Many organizational goals, values, beliefs and missions include statements like, “provide great customer service.” I’ve been thinking a lot about customer service because of some recent, very frustrating experiences as a customer of large for-profit and governmental organizations. I also saw some great customer service. Here’s what I experienced:
- I was misunderstood by employees who repeatedly failed to demonstrate that they had any appreciation for my situation and needs.
- Employees gave me complex information and didn’t ensure I understood what they wanted to communicate, resulting in serious misunderstandings.
- Several times I was told “no,” without being given alternatives or ideas as to what I might do to have my needs met.
- Employees did not respond in a timely manner to my questions and did not apologize for having failed to do so.
- Employees did not follow-through on commitments. They said they would do something, and didn’t. They said something would happene, and it didn’t.
- I was given incorrect instructions by an employee, did what that employee told me to only to discover, from someone else, that what I was told was completely wrong.
So, consider how you treat your customers – the people off the street who come to you for services or products, and the folks in the department down the hall who rely on you to process their paperwork. To ensure you don’t commit the above blunders, do what those who provided great customer service to me in these last weeks did so well:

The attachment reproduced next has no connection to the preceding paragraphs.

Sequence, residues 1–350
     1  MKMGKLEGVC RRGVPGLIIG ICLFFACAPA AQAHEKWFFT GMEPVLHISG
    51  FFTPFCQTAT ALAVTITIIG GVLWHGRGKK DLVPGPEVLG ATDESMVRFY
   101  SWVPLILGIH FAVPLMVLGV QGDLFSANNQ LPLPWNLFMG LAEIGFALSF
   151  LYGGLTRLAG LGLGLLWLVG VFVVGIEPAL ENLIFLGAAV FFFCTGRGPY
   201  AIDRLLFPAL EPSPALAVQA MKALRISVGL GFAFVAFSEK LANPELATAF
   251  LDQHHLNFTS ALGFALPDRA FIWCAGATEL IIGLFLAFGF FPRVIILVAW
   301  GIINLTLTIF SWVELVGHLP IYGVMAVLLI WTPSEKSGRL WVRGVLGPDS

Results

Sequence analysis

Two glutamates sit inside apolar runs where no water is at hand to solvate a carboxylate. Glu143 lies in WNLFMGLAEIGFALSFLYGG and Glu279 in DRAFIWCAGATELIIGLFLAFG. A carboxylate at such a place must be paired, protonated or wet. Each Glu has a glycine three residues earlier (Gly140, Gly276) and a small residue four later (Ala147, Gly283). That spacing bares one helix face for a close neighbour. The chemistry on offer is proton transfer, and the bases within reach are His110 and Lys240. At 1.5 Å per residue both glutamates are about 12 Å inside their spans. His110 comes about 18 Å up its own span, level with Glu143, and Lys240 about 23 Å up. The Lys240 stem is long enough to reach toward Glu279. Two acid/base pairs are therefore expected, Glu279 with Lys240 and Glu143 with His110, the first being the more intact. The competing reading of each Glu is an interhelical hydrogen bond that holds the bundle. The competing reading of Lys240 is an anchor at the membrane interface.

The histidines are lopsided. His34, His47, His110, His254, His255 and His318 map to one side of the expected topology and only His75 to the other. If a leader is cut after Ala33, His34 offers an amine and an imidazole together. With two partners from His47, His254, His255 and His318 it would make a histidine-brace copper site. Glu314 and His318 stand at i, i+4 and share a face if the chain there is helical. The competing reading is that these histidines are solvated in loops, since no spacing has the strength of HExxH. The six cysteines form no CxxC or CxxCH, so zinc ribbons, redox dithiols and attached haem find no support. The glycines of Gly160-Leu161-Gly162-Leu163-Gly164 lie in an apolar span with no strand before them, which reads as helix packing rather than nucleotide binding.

- Be sure you understand the customer’s needs: restate what your customer says she needs in your words and check with her to ensure you understood correctly.
- Be sure you effectively communicate what you mean in a way the customer hears. Check for understanding after giving someone instructions by asking him to tell you what he heard. Don’t ask, “Do you understand?” He may well answer affirmatively thinking he understood when he didn’t get what you were saying at all.
- Communicate. Communicate. Communicate. Keep in touch. Report on progress – even if it’s to say, “I’m still working on it, but don’t have an answer yet.” Then, deliver a consistent and caring message.
- Demonstrate respect, empathy and caring by listening actively for content and feelings, and being timely in all responses.
- Do what you say you’re going to do. If something comes up and you can’t, apologize and let your customer know what’s going on in a timely way. Then talk with her about alternatives and what you’ll do for her instead of what you had originally intended.
- Give accurate information. Check your facts and procedures before informing a customer of them.
Doing these things will go a long way to ensure that you’re providing GREAT customer service to your external and internal customers.
Got tips for great customer service? Share them! ~Daphne Schneider